by John William Burgon (1845)
It seems no work of Man’s creative hand,
The last two lines of this poem are widely quoted, but
the full poem is surprisingly hard to find. I thought
I would put a copy up on the web.
By labor wrought as wavering fancy planned;
But from the rock as if by magic grown,
Eternal, silent, beautiful, alone!
Not virgin-white like that old Doric shrine,
Where erst Athena held her rites divine;
Not saintly-grey, like many a minster fane,
That crowns the hill and consecrates the plain;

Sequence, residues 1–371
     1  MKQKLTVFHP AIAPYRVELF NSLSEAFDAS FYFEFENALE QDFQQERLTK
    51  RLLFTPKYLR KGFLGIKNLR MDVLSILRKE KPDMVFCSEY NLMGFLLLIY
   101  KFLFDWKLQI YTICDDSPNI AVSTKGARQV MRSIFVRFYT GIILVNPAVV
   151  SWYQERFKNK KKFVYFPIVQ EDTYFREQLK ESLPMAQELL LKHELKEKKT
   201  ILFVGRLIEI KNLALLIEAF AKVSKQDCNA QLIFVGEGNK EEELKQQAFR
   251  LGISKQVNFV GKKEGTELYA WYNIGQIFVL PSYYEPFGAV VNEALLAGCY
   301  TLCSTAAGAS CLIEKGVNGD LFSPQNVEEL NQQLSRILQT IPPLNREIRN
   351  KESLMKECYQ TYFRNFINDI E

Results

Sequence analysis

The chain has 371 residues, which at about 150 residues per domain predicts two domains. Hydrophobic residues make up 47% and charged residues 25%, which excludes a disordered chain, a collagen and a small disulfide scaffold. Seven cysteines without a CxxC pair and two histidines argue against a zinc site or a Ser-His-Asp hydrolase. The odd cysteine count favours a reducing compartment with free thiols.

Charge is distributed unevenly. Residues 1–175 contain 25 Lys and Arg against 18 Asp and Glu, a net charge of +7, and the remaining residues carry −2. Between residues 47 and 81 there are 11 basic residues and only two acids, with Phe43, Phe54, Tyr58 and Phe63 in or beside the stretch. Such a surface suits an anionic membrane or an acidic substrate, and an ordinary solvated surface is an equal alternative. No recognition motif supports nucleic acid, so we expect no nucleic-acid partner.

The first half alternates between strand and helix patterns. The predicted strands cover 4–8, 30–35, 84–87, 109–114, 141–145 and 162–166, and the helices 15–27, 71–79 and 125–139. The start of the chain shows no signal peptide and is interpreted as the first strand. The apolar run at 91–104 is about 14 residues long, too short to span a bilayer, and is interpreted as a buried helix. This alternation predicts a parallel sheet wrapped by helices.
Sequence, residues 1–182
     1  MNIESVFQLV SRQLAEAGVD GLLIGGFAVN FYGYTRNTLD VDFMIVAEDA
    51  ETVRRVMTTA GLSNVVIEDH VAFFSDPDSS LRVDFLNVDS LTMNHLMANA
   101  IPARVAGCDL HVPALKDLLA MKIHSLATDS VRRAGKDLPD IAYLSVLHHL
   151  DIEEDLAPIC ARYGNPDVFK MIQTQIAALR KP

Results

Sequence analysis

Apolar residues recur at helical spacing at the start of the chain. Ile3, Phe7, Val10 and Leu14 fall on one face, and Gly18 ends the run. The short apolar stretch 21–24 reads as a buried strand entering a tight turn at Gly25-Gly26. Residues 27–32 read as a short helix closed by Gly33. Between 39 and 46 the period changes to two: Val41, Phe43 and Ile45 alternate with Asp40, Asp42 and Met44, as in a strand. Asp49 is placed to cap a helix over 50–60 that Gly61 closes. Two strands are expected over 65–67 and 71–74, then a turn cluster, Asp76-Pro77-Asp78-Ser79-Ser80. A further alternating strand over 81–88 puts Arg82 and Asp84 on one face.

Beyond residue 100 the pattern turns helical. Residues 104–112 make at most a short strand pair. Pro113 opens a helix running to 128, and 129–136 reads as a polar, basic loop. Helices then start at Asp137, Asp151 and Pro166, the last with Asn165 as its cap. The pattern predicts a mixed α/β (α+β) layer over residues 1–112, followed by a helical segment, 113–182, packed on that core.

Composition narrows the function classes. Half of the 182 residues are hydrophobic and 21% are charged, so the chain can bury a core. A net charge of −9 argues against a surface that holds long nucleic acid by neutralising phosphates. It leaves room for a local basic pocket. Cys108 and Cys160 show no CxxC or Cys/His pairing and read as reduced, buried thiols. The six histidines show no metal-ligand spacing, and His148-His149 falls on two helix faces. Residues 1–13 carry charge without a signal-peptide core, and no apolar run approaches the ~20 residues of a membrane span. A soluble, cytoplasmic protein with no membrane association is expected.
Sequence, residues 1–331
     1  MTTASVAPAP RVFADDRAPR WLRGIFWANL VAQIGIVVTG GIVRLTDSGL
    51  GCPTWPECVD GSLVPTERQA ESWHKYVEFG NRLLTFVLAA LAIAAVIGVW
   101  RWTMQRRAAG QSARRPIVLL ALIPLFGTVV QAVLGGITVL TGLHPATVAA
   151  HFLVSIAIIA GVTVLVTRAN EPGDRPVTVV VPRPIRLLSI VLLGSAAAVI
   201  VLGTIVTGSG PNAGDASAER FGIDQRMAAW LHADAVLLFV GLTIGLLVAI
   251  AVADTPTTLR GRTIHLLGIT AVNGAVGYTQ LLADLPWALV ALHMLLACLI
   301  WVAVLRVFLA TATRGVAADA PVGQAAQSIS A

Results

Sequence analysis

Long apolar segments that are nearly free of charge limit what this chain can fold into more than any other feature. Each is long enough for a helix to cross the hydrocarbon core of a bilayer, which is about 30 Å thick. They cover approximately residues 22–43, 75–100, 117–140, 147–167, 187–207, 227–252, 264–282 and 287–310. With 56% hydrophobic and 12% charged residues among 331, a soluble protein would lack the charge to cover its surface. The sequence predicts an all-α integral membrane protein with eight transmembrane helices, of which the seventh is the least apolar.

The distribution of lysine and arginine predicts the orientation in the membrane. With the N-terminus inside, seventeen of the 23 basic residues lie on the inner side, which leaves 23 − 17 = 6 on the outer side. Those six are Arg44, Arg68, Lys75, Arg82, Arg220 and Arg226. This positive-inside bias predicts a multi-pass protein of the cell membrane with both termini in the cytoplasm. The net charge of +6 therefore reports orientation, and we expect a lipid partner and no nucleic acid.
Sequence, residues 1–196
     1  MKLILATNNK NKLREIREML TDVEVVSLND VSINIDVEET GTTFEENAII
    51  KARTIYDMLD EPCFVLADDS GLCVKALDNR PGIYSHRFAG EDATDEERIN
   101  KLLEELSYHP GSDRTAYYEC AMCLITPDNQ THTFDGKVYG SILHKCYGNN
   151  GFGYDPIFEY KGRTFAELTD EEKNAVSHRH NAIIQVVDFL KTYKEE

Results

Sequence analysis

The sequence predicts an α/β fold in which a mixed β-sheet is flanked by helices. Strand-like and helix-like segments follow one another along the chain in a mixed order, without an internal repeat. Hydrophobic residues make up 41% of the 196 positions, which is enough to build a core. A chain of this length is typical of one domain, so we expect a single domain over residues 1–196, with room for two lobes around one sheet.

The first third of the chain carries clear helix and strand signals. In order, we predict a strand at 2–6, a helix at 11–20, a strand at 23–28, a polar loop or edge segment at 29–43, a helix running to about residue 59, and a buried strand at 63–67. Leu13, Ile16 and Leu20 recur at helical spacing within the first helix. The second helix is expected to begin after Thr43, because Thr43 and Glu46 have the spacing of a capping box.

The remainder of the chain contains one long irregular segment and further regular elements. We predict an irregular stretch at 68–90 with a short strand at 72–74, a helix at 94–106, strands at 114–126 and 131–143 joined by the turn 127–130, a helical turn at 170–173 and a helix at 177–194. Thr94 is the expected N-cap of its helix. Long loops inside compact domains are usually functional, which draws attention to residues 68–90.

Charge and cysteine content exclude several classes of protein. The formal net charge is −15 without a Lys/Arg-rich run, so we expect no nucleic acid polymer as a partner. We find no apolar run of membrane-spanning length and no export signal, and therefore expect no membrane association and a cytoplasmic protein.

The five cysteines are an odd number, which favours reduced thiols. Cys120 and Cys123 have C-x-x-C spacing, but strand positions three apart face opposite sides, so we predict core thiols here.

But rose-red as if the blush of dawn,
That first beheld them were not yet withdrawn;
The hues of youth upon a brow of woe,
Which Man deemed old two thousand years ago.
Match me such marvel save in Eastern clime,
A rose-red city half as old as time.
In some versions of this poem on the web the word “if” is
omitted in line three. I believe the above version to be
correct but am not completely certain. Information on this
point would be appreciated. Also, one source gives “Pedra”
as the original title. Does anyone know if this is correct?
This page was created January 1, 2005.
It was last updated October 12, 2005.